This month marks a milestone that’s being celebrated all over the world: it has been six months since the idea of Turtleduck Press was first floated. Oh, and it’s 2011. Happy 2011, readers! Here are just some of the things we’ve learned in our first six months:
1. When the time is right, things start to happen very quickly. The idea was first proposed on July 8. Within a week, we had our own venue for private discussion. In less than a month, we had three (already edited) long works going through our approvals process.
Knight Errant is available for sale. Wow. It’s hard to believe.
Taro has been with me a long time, you see. More than…wow. More than fifteen years. He first appeared under a different name and far more bland aspect, in the book about his sister Eve Marcori, former Marine. It wasn’t until years later that he came alive.
Oh, I tried. I changed his name. I invented a background for him, more than just “Eve’s long-lost adopted little brother.” I investigated his family, and the years between Eve losing and finding him. I changed his name again. I said he was sneaky and mouthy, but I couldn’t seem to make him be either. So I followed time-honored avoidance techniques, and I moved on. He didn’t matter that much anyway. Minor character. No big. I finished the book. Over years, I edited the book. In my new novelist happy shiny glow, I sent that book off to DAW–all 249,000 words of it.
Guess what happened. It took them a week–and some of that was transit time.
I got angry. I got determined. I got to writing.
I love Christmas. It is my favorite time of the year: family, friends, gifts, magic…the snow, the tree, the lights…
What isn’t fun for me, though, is wrapping gifts. In fact, it is so not fun that my gift wrapping skills are legendary. Mind you, my gifts look fine, but I was born without the Gift Wrapper gene because my gifts are never wrapped perfectly. There’s always some bumps and the seams aren’t perfectly straight and sometimes my bows are lopsided. Sometimes, I use handmade tags (from the wrapping paper) and apparently that’s not done. Oops. Anyway, my mom and I were discussing what else? but gift wrapping and how awful mine is. She and my sister have double the Gift Wrapper gene because their gifts are always wrapped perfectly. There are no ragged seams; the bows are perfect; there are no bumps. They’re gorgeous. Works of art. See, they are into the whole “presentation” thing and it shows. And that’s really cool…if you’re them.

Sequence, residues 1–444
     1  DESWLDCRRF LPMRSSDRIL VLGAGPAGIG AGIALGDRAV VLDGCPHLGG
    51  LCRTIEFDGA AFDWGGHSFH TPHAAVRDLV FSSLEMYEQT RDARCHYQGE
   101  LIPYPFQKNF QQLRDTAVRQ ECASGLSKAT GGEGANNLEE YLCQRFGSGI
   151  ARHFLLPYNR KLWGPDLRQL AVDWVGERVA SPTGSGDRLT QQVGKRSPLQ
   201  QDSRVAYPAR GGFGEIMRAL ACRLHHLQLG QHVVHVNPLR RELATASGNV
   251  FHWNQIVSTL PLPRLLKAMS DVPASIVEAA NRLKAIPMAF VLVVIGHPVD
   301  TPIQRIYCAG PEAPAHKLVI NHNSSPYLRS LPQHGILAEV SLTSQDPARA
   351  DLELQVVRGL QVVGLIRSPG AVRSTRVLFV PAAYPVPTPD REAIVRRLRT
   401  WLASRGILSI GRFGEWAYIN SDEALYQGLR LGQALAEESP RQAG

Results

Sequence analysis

So you’re probably asking yourself, “Turtleduck Press? Where did that name come from? And just what is a Turtleduck anyway?”
Don’t feel ashamed of yourself for not knowing. The turtleduck myth is not widely known outside of the more arcane academic circles, although it has made some unexpected appearances in pop culture despite this obscurity. Today’s blog post is to help spread the word about this stunning beast.
As we delve deeper into the holiday season, each one of us finds ourselves with more and more to do, and it might come to pass that you wake up in the middle of the night on a Saturday and realize that you have a blog post due the next day.
Not saying that’s what happened, noooo.
Welcome to the inaugural post of the Turtleduck Press blog! Here we hope to divert, horrify, amuse, and shock you (pick two). We’ll be blogging for your entertainment five times a month. There will also be free short stories going up elsewhere on the site at the beginning of each month when we’re not putting up longer works for sale.